Researchers create state-of-the-art test stand for Future Vertical Lift testing

By Katie Davis Skelley, DEVCOM Aviation & Missile Center Public AffairsApril 2, 2024

Researchers in the Technology Development Directorate at the U.S. Army Combat Capabilities Development Command Aviation & Missile Center have created a state-of-the-art test stand for use in the NASA Langley Research Center 14- by 22-Foot Subsonic Tunnel.
Researchers in the Technology Development Directorate at the U.S. Army Combat Capabilities Development Command Aviation & Missile Center have created a state-of-the-art test stand for use in the NASA Langley Research Center 14- by 22-Foot Subsonic Tunnel. (Photo Credit: Army photo) VIEW ORIGINAL

REDSTONE ARSENAL, Ala. (April 2, 2024) – When you are building the future of Army aviation, it is not enough to create revolutionary aviation technology. Sometimes you must also invent the infrastructure to make that technology happen.

This is what researchers in the Technology Development Directorate at the U.S. Army Combat Capabilities Development Command Aviation & Missile Center did in the NASA Langley Research Center 14- by 22-Foot Subsonic Tunnel. While NASA and the Army have been longtime partners in testing Army rotorcraft, the Army’s Future Vertical Lift program necessitated a state-of-the-art test stand be developed for testing in the NASA tunnel.

Simply put, a test stand from the 1970’s was not going to cut it for the Army of 2040.

“FVL is putting out all these requirements for new helicopters and they all have overarching requirements: generally, we want to go faster, farther and we want to be more efficient,” said Austin Overmeyer, project lead. “That's for the production vehicles, the ones that the Army is flying and will be flying. The General Rotor Model System test stand that we were using was built in the 1970’s and it was scaled to meet the requirements of full-scale concepts of the day, which used 1970’s engine technology. There have been a lot of incremental improvements to the test stand, but they were just that - incremental improvements.

“We were getting to the point where it was costing us a lot of money to maintain it as it was. We set out to design something that is very similar in size, but increases our power, increases our capabilities and allows us to test these future concepts.”

The development was definitely a collaborative effort. Designing and replacing the test stand took around five years from conceptualization to being fully operational. The team consisted of AvMC engineers co-located at NASA Langley Research Center in Hampton, Virginia; their AvMC counterparts co-located at NASA Ames Research Center in Moffett Field, California; NASA’s Revolutionary Vertical Lift Technology Project, Modern Machine and Tool and Advanced Technologies Inc.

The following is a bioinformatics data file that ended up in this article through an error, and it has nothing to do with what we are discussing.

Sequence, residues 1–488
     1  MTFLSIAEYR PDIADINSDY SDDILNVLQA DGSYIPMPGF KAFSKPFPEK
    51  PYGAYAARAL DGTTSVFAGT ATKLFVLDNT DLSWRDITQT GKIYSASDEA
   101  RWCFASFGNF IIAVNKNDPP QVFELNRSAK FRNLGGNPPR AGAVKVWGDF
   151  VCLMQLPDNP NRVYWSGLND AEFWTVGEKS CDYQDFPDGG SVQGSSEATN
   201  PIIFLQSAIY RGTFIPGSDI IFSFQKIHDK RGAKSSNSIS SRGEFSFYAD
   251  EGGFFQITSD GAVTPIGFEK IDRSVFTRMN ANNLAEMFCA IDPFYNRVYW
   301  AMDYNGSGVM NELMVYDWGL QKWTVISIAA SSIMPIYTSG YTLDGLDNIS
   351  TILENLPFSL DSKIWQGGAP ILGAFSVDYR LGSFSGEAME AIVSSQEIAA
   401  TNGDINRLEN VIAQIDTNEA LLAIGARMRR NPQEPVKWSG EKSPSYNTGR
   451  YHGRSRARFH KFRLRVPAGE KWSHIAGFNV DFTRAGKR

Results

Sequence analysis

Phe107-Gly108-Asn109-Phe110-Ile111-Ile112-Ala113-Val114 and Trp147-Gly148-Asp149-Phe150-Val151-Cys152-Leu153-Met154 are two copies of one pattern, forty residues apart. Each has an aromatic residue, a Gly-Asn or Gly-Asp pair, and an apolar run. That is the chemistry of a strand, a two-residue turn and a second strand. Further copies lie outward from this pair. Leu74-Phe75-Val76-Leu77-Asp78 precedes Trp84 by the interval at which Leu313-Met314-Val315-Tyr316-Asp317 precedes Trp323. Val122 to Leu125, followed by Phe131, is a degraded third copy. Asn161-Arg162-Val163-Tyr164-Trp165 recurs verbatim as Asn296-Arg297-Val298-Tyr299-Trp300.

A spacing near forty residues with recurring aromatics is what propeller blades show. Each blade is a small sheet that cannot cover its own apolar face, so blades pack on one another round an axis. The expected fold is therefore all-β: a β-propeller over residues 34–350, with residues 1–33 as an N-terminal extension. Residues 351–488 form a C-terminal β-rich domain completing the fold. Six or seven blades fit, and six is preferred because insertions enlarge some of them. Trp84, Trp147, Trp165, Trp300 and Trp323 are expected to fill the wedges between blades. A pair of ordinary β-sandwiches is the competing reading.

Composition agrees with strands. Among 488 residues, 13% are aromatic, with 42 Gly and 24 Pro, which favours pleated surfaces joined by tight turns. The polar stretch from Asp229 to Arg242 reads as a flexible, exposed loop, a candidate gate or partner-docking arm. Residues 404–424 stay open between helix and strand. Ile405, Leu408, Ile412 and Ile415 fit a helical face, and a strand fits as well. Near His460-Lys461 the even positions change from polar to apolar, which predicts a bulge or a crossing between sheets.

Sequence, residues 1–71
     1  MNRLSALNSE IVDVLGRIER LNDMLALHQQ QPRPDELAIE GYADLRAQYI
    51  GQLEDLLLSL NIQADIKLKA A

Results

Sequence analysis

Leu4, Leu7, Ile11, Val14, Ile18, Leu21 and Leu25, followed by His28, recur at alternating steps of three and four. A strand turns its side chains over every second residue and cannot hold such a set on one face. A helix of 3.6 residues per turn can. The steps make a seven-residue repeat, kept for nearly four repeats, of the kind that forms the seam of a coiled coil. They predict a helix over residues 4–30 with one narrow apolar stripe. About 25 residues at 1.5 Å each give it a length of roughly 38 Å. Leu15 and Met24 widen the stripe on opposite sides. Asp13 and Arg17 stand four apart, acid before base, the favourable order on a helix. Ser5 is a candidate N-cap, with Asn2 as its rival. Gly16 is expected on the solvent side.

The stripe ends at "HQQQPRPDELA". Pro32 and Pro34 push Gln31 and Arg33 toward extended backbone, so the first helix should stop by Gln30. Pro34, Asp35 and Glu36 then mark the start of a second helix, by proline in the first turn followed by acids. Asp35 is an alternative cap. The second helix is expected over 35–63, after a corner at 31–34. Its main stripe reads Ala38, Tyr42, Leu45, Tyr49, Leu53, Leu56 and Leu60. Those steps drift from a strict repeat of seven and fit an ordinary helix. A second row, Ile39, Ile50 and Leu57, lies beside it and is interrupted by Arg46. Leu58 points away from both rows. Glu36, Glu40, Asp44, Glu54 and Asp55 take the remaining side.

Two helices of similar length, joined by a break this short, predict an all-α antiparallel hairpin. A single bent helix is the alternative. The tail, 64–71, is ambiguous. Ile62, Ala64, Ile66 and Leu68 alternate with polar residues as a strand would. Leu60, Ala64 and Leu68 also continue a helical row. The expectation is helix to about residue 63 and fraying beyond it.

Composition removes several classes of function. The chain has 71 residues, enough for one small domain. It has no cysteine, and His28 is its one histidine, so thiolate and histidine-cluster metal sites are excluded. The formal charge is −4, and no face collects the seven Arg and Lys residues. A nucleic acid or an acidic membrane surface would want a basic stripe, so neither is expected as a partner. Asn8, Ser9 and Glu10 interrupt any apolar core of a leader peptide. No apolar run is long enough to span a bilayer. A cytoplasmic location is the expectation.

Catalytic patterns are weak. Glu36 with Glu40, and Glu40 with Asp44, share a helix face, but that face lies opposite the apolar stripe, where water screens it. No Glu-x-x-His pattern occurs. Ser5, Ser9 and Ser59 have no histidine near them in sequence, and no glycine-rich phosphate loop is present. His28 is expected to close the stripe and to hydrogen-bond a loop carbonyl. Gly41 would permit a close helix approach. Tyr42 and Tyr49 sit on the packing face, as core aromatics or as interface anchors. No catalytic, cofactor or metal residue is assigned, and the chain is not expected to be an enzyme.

"Austin and the team did an amazing job bringing the Langley Rotor Test Stand to life,” said TDD’s Experimental Aeromechanics Branch Chief Jacob Wilson. “It was a huge effort, but what impressed me as much, if not more, was their vision to look ahead and say we must have this new capability to support the future Army. The determination it took to garner leadership backing, coordinate groups inside and outside the Army, and ultimately make this a reality. We’ll be using LRTS for years to come supporting FVL, gathering key validation data for modeling and simulation, and exploring new rotorcraft technology for the Army of the future."

When brainstorming the new test stand to replace the General Rotor Model System, the team put together a “wish list” of what they would want their ideal test stand to do. LRTS delivers almost all those goals, Overmeyer said.

“We got a lot of what we want in there. Some things scale nicely and then there are some things, like strength of materials, that don't scale down. So, your hardware is limited, and you must do a custom design for every single component.”

Overmeyer said that one of their main objectives was to develop better rotorcraft designs and technology, while another facet, equally important, was validating modeling and simulation while identifying which parts need further refinement.

The LRTS got to show what it was made of for the first time in late 2022 for its inaugural test in the subsonic tunnel. For Overmeyer and the team, who have long gotten the job done working with what they had, it was gratifying to create and design what the next generation of researchers would use for testing the future of Army rotorcraft.

“It was rewarding to oversee the development of a new state-of-the-art test stand from concept to initial testing. It will be exciting to see how the LRTS will be utilized to meet the testing requirements of new FVL designs and challenges,” Overmeyer said.

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The DEVCOM Aviation & Missile Center, headquartered at Redstone Arsenal, Alabama, is the Army’s research and development focal point for advanced technology in aviation and missile systems. It is part of the U.S. Army Combat Capabilities Development Command (DEVCOM), a major subordinate command of the U.S. Army Futures Command. AvMC is responsible for delivering collaborative and innovative aviation and missile capabilities for responsive and cost-effective research, development and life cycle engineering solutions, as required by the Army’s strategic priorities and support to its Cross-Functional Teams.